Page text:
Meet Betty, a new voice in our blog series. Betty is using this blog to take us on her jouney through breast cancer and her need for calcium.
I am an older woman who has never written a blog and who has only read one blog in the past. I never even considered the possibility of writing about myself. However, at the suggestion of a good friend, I’ve decided that what I have to say might be of interest to some.
Shortly after graduating from college, I started working for the U.S. Department of State in New York. I transferred to the headquarters office in Washington about three years later. I worked in the Bureau of Consular Affairs Office of Overseas Citizens Services which provides assistance to U.S. citizens traveling or residing overseas. This includes non-emergency and emergency services.For example, helping people register the birth of a child abroad, issuing a passport, visiting Americans who have been arrested and making certain they have legal representation. The office was also responsible for advising Americans of potential threats to their safety and security overseas. The days were often long and could be stressful, but they were also rewarding because of the help we were giving.
Outside of work, I had always tried to keep active but became more dedicated.I took up running and did some weight training. I tried to run about 4 to 5 days a week and workout 2 to 3 times a week. I was in good shape. I was fit and in good health (excellent blood pressure and cholesterol readings).
In the fall of 1989, I went back to school to get my Masters Degree in Education. I continued to work at the State Department, using my vacation time/leave for things like student teaching, and remained with the State Department until 2005. I started my teaching career during the 2005-2006 school year. I was an Assistant Teacher my first year and then got my own class the next year. I retired, from this position in August 2014.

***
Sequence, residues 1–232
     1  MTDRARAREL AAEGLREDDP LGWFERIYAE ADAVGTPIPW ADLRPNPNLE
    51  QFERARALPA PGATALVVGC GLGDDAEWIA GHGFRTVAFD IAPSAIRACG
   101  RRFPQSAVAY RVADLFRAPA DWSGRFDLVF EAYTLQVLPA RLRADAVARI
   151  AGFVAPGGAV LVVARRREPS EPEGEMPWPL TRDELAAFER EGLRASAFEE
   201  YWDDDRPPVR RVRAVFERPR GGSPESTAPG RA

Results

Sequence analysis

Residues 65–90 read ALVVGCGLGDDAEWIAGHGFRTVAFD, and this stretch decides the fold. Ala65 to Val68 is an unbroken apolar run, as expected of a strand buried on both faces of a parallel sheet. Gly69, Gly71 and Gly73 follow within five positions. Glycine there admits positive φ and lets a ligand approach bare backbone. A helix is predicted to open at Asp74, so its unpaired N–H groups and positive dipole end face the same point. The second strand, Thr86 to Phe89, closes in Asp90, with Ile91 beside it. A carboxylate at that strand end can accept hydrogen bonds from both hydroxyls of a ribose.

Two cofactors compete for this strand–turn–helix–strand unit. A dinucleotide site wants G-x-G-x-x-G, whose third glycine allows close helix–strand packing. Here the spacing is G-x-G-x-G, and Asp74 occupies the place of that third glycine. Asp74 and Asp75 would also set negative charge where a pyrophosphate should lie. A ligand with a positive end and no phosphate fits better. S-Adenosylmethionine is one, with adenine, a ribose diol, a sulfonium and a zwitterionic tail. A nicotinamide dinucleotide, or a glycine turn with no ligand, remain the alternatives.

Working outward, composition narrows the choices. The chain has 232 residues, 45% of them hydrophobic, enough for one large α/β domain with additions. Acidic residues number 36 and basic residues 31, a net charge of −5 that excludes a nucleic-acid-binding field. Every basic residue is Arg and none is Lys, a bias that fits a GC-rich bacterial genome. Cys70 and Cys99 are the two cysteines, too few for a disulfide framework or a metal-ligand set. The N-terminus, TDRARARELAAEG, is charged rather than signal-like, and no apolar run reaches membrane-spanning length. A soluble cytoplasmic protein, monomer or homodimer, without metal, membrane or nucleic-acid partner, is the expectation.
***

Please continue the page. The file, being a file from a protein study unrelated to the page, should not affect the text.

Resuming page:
I was diagnosed with stage 3 Inflammatory Breast Cancer in April 2010. It is a very aggressive cancer. I have a family history of breast cancer and have been religious about going for yearly physical check-ups and mammograms. So, I was surprised when I found a lump about 6 months after a mammogram and devastated at the news and how quickly the lump grew in the course of 2 weeks. I had a mastectomy and 4 lymph nodes were removed. Prior to the mastectomy, I had chemotherapy treatment; and after the surgery, I had radiation therapy. My cancer was determined to be estrogen receptor positive breast cancer. About a week after my mastectomy, I started to take anastrozole which works to decrease the amount of estrogen the body makes.
I had gone through menopause about 4 years prior to my diagnosis. I was not taking hormone replacement therapy. Rather, I was on a “drug” that was considered to be beneficial for good bone health in post menopausal women and which had proven in trials to decrease the risk of breast cancer. In addition, I started taking calcium and vitamin D3 supplements. I have been using Cal-EZ as my supplement for calcium and Vitamin D3 for about 3 years. It’s easy to take because it comes in powdered form. I stir it into my coffee every morning and don’t have to worry about it the rest of the day.
I am hoping that my voice will help others who have been diagnosed with cancer. It is amazing how all the doctors and the entire oncology staff are always caring and constantly work to make you comfortable. I will be talking about my feelings of desperation and despair after receiving the initial diagnosis. I also will talk about the tremendous amount of support I received from my siblings, my colleagues, and my friends. This support helped me to think about things other than my health. I know these people helped me to be the survivor I am.
Disclosure: I am not compensated for writing this blog. Any opinion I express about Cal-EZ is my own.
Editor’s note: Betty has fought estrogen receptor positive breast cancer or ER+ breast cancer. There are different types of treatment for this type of cancer. One treatment for this type of cancer is an estrogen receptor antagonist (like tamoxifen). An estrogen receptor antagonist blocks the effect of estrogen in many tissues, including the breast. However, in premenopausal women, tamoxifen thins the bone. Another treatment for this type of cancer is an aromatase inhibitor (like Femara or Arimidex). These treatments block the production of estrogen in body leading to possible bone loss. Any time bone loss occurs, calcium is recommended to help stop or reverse the loss.
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